It would be a death blow to Obama insofar is re-election is concerned. So sit back and enjoy the show as we prop up the auto industry for untold billions.

But there will be a lot of fancy legal mumbo-jumbo like "structured bankruptcy" and "congressional oversight" that might make some feel better about us financing this mess.


RE: Administration hubris
By MrBungle123 on 3/31/2009 4:47:23 PM , Rating: 2
quote:
Obama is following the polls and doing what public opinion wants. Sure fire way to get the majority votes in a few years.


No, Obama with the help of the mainstream media (MMM) is telling people he is doing what they want him to all the while pushing forward his lefitst agenda to the detrement of the people he is supposedly helping.

Obama/MMM say the Dems passed a stimulus package. They really passed a giant $780B pay off of campaign contributors, and gave people a $400 tax credit that they renamed a "tax cut" you are still responsible to pay the same amount of income tax at the end of the year you just get less taken out of your check each week. (the politically ignorant believe the political "rebranding" of terms and never realize what is happening)

Then they say they are going after AIG execs for collecting "obscene" bonuses and yet the bonuses were allowed by bailout legislation written by democrats and signed into law by Obama and with the MMM to cover for them most people are none the wiser.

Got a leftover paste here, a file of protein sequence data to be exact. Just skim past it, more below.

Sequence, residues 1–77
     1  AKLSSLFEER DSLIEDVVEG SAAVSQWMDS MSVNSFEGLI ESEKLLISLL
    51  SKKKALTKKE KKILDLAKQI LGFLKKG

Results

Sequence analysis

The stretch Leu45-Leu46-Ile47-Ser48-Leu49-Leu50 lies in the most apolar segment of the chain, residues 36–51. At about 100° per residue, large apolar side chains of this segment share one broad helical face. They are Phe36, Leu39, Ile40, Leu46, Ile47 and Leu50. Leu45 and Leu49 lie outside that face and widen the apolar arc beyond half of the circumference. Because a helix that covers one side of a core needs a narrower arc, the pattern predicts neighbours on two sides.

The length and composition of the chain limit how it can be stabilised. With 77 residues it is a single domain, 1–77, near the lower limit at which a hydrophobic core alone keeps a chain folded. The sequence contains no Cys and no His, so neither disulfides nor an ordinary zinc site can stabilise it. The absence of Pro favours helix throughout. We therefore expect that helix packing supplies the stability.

Next they are going to "help" us with "green" energy and cap and trade carbon policies, this is going place a heavy burden on manufacturers and energy companies alike and simply raise all of our energy bills.


RE: Administration hubris
By Hiawa23 on 3/30/2009 2:33:47 PM , Rating: 5
I find it amusing that a president who never so much as had a paper route or operated a lemonade stand and whose treasury secretary cannot do his tax return, is telling corporations how to run their businesses.

regardless of what you think, he is the Pres & looks like he is trying to do more in his first few months than our last Pres did, so God Bless him & someone needs to help or tell the car companies something given GM & Chrysler's track record. They have been losing money for years. Perhaps, if someone told them something years ago, they may not find themselves in this position, or maybe our govt shouldn't have given them one dime & just them continue on the crash course they were on last year.


RE: Administration hubris
By michal1980 on 3/30/2009 3:39:43 PM , Rating: 3
trying to do something more

does not equal doing more.

And most improtantly, doing more does not equal doing good.


Ford
By wookie1 on 3/30/2009 11:59:17 AM , Rating: 5